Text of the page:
Widespread use of DMPs began in the United States in the 1990s as payors sought to rein in rising health care costs. By the end of that decade, DMPs for a wide range of different chronic conditions had been developed, and optimism ran high. Many DMPs were run by private companies, and some analysts predicted that DMPs would be a $20 billion industry by 2010.1
Unfortunately, once the results of these early programs were published, it became clear that many had not proved their worth. For example, an analysis of more than 300 early DMPs found that the programs did tend to improve quality of care, but in most cases there was no conclusive evidence that the improvements resulted in better long-term outcomes or significant cost savings (Exhibit 2).2 Only the heart-failure DMPs appeared to have increased patients’ satisfaction with treatment. Even worse, the asthma DMPs seemed to have had a negative impact on health outcomes and costs. Many other analyses of early DMPs from the United States and elsewhere produced similar results.
More recent experience
There remained room for hope, however. The authors of these analyses acknowledged that most of the DMPs they had studied had significant limitations: for example, the programs were too small to produce conclusive findings and did not always account sufficiently for the costs of the treatments being compared. Because of these limitations, the authors were not willing to conclude that DMPs could not work well. They simply had not been able to find evidence to prove the programs’ value.
Many health experts continued to believe that DMPs could be effective—a belief apparently vindicated by more recent results in a number of countries.
Almost a decade ago, Germany decided to reform the way it was funding its public payors, which provide health insurance coverage for about 90 percent of the population. One of its concerns was that some payors had been trying to attract only young, healthy patients, which left the other payors at an economic disadvantage. To discourage this type of cherry picking, Germany began giving its public payors extra funding for patients with chronic conditions. However, the size of the extra payments was capped to prevent health care costs from rising uncontrollably. Germany also coupled the increased funding with a requirement that the payors enroll patients with the most common chronic conditions in DMPs.3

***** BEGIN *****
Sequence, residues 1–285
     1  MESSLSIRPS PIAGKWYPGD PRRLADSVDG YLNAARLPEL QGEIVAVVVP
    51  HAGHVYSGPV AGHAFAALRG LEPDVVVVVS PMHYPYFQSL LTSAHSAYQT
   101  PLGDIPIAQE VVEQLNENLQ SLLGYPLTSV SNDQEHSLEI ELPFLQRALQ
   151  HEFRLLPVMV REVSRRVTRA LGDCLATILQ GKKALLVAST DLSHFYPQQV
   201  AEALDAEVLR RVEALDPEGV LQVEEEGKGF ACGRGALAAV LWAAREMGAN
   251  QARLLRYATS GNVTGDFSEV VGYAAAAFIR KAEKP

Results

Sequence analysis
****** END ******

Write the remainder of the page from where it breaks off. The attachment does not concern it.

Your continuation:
To overcome some of the problems that had hampered earlier DMPs, Germany set minimum standards for them. For example, the programs’ clinical protocols had to be evidence-based, all care was to be coordinated by a single provider (a general practitioner, in most cases), and there had to be clear guidelines for when a referral to a specialist was warranted. In addition, the programs had to be approved by a federal health agency and then run nationwide.
Germany’s type 2 diabetes program was the first to get off the ground. Although the program is only six years old, it has already enrolled more than three million patients (Exhibit 3) and has demonstrated that it markedly improves health care delivery to those patients. For example, the patients are now significantly more likely to have their feet checked regularly by a specialist, as a result of which the incidence of certain types of foot ulcer has plummeted.4 Preliminary evidence also suggests that the program may be decreasing mortality.5 Furthermore, patient satisfaction with treatment has risen markedly, and the overall cost of care has decreased; the small increases the program has produced in outpatient and pharmaceutical costs have been more than offset by a drop of more than 25 percent in inpatient costs (Exhibit 4).